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In the wake of a scandal last month, the founder of social networking app Path, Dave Morin, was “hauled” into Apple CEO Tim Cook’s office where he was questioned about his app’s use of customer data, according to Bloomberg Businessweek.
The issue stemmed from the discovery by a developer that Path was secretly uploading its users’ iOS contact information, including names, email address, and phone numbers, to its servers without users’ consent or knowledge.
Following the discovery, Path issued an apology, stating that the company’s intention was only to help users locate and connect with friends using the service. It then deleted all user data issued an update to the app that prevented future access to a user’s iOS contact list.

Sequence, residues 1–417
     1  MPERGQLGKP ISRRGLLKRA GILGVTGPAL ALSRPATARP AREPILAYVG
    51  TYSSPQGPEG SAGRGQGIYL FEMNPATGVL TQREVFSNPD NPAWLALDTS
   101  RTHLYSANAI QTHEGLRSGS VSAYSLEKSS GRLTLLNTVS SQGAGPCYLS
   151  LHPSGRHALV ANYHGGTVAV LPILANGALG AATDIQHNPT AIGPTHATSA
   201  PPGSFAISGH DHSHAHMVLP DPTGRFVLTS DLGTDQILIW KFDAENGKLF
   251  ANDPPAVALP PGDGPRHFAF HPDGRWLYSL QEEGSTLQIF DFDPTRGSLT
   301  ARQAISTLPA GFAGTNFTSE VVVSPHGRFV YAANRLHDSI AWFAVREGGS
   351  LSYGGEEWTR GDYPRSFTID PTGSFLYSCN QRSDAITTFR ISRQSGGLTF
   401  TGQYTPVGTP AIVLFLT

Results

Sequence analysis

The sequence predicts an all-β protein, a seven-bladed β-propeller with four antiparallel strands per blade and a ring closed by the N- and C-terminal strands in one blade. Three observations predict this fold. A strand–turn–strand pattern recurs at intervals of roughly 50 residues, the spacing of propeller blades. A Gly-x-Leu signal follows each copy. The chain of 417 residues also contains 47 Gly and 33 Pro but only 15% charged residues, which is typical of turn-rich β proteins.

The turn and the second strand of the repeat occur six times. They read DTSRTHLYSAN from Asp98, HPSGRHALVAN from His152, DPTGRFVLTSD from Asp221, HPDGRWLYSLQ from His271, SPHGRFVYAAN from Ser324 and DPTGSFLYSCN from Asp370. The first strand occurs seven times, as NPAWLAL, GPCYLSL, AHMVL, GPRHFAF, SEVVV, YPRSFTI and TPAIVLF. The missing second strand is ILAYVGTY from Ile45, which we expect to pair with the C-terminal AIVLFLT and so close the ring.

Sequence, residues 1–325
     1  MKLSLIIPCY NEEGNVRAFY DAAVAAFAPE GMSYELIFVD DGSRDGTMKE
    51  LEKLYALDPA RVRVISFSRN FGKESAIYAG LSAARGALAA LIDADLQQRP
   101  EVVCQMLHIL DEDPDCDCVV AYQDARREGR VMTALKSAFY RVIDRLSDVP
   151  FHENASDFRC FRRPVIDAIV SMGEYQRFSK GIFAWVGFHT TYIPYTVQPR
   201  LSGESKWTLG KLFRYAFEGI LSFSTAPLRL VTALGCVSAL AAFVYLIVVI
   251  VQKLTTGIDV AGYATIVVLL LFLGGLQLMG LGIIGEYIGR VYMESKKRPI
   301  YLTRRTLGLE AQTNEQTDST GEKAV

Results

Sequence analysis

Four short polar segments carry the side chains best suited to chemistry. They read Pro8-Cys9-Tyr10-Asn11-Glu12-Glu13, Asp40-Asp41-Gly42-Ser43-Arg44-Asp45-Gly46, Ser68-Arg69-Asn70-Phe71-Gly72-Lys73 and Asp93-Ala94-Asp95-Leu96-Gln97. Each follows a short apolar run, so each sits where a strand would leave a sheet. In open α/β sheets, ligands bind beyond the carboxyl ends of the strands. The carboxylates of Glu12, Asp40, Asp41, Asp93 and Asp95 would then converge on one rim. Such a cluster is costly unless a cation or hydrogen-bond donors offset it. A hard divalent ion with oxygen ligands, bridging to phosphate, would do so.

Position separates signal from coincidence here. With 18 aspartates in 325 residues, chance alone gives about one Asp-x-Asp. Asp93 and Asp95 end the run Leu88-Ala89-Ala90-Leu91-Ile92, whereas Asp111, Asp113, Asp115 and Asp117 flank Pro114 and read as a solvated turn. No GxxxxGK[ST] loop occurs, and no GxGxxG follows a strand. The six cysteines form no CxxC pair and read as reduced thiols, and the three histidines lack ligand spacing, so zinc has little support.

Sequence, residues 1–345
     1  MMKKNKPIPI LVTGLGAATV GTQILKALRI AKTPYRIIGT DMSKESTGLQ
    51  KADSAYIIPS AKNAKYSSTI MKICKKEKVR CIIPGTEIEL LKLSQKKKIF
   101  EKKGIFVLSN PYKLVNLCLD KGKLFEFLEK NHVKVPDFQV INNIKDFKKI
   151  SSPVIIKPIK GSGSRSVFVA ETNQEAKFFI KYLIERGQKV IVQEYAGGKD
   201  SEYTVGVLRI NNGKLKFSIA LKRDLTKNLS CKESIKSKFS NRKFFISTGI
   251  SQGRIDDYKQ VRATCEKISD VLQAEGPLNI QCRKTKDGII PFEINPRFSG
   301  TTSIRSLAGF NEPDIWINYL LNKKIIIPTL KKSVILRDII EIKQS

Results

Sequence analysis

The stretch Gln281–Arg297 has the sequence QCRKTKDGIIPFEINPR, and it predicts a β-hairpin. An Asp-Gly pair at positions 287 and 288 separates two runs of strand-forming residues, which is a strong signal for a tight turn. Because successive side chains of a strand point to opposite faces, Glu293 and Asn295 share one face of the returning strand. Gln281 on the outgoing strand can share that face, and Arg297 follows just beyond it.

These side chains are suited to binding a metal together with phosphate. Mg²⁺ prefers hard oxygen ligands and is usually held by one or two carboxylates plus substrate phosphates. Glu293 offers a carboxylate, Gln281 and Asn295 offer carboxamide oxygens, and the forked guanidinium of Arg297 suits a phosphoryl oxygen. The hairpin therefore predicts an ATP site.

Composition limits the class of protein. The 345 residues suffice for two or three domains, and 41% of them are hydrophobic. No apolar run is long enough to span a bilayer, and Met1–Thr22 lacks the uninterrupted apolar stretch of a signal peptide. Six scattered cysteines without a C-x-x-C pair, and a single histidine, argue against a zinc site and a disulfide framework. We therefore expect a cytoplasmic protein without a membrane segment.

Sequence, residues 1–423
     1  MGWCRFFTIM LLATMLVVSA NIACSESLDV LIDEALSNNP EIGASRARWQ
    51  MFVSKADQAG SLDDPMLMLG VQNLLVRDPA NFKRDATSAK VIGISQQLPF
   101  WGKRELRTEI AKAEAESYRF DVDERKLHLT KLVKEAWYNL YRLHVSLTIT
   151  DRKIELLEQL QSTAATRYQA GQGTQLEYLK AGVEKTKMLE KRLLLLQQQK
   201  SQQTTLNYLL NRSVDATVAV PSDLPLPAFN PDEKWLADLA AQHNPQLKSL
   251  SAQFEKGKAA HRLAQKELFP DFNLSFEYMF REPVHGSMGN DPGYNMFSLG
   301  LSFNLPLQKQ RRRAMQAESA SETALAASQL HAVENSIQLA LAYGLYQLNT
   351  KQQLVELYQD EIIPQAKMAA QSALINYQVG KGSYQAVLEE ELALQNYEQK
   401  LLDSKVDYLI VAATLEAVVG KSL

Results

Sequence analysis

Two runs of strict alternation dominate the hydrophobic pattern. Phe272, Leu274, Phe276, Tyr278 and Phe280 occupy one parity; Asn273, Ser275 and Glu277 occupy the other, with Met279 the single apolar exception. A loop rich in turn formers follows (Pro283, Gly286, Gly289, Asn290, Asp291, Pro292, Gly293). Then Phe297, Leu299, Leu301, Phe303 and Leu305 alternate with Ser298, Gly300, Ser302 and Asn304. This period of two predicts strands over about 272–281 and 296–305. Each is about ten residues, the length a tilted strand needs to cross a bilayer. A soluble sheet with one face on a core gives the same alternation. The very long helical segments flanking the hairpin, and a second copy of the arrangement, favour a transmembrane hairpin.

While Path took the brunt of the criticism over the incident, Apple was not immune from criticism due to their supposed policy of verifying each app that makes its way into the App Store. However, as the App Store has grown to include well over 500,000 apps, the curation process has become less practicable.
“One former Apple manager who asked not to be named while discussing his ex-employer, said thousands of new apps are submitted every month, and each gets reviewed for only about 15 minutes,” Bloomberg Businessweek noted.
The controversy generated much discussion in the app and privacy communities and resulted in Apple making changes to its App Store policies to prevent future apps from following in Path’s footsteps. The U.S. Congress also became involved, with two representatives contacting Apple over the matter.
While we would have loved to have been a fly on the wall during Mr. Morin’s meeting, due to the embarrassment this issue caused Apple, we sure wouldn’t have wanted to be in his shoes.